Saturday, October 25, 2014

Fold and Sew Technique by Peg Spradlin

Ready for a nifty trick for a square within a square?  I saw this technique on a video from National Quilter's Circle (I am a premium subscriber so I had access to it).  It's too good not to share how to do it.  It is from Peg Spradlin.  Ready?  It took me 2 minutes to make this block with no cutting.  I say no cutting because I used a spare layer cake square and a spare charm pack square.  Ready?  Here we go.

Lay your 5" square in the middle of your 10" square.


Fold over two sides so they meet in the middle.  I put a pin in the middle of my 5" square to keep it in place.  I would imagine if you're careful you don't need to or you could put a little bit of washable glue to keep it there.


Press the two folded sides so it lays nice.  Take it to your sewing machine and sew 1/4" down each side.


Do the usual.  Set your seam (if you usually do that) and then press open your block.


Ready for the next part?  You repeat for the other two sides.  In this case the top and bottom.  Notice in the above picture you have two raw edges.  Not for much longer!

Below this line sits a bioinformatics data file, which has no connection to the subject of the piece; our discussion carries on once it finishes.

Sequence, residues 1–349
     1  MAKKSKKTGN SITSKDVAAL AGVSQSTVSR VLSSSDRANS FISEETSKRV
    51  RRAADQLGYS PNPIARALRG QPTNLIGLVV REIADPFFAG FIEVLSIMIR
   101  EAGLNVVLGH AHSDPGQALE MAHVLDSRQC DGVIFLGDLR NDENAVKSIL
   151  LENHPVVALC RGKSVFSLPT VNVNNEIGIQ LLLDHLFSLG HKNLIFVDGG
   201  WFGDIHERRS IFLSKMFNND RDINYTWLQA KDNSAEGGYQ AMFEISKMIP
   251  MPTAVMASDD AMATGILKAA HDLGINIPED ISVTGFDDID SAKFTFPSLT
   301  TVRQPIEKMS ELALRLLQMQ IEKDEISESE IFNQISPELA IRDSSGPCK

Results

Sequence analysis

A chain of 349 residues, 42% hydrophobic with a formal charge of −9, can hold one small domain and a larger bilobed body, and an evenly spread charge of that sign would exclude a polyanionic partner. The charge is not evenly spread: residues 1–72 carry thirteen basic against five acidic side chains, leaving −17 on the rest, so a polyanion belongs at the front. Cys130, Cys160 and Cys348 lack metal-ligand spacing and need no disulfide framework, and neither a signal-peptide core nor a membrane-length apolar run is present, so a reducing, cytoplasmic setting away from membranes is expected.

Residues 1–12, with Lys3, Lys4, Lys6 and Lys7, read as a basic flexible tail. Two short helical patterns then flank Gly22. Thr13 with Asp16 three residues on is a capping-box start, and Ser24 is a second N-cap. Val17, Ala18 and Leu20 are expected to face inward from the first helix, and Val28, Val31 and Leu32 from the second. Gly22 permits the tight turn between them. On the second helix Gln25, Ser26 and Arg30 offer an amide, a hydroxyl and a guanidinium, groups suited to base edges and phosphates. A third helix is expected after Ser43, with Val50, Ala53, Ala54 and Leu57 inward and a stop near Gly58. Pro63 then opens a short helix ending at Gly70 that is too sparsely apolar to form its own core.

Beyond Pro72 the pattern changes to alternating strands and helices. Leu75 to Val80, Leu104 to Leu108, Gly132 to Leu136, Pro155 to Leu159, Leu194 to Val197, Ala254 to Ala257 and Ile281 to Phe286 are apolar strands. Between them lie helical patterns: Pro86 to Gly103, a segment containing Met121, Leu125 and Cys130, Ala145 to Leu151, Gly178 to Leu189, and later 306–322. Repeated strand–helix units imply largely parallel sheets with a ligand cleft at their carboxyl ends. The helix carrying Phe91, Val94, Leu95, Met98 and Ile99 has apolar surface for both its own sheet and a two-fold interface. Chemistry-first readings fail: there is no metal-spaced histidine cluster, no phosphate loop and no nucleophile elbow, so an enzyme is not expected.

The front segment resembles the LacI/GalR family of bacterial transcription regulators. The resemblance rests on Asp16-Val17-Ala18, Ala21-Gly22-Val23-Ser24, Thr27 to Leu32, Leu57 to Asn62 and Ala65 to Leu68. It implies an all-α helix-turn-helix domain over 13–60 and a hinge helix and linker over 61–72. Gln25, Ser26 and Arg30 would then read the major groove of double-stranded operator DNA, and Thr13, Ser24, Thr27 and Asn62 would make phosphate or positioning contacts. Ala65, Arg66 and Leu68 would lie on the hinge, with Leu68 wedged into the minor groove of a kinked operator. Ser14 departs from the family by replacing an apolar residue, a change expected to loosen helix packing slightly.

Fold the top and bottom in together and take it to the sewing machine and stitch.


Take it to the ironing board (or wherever) and set seams and press open.


It took me only a couple of minutes to have my square within a square block.  Sweet!

Ok.  On the down side is that you have what looks like cornerstone blocks in the corners since you are sewing all the way down.  I'm thinking that perhaps you could modify this technique a bit and mark your start and stop points by the 5" squares.  It would be a partial seam then but you wouldn't have the cornerstone affect.  Not sure if that would work.  Having the extra seams that show going all the way up and down the block don't bug me.  That's me.  If it bugs you, you might not want to do this.

This technique would also work with rectangles, etc.  Try it and see if you like it.


3 comments:

Kat Scribner said...

THat is pretty nifty, Bonni. The pictures to accompany the instructions is also a big help. You wouldn't believe how i can mis-interpret instructions!

A Nudge said...

I agree with Kat - a pretty nifty trick. And thanks for the heads up abouat that site - off to check it out.

Bonni said...

Thanks Angie and Kat. I quickly did some squares with Denim that I had acquired. Those were 8" squares so I just adjusted my center red square down to 4". I just figured if 5" was half of 10" then my center square needs to be half the size of my outer square. I just love easy math like that.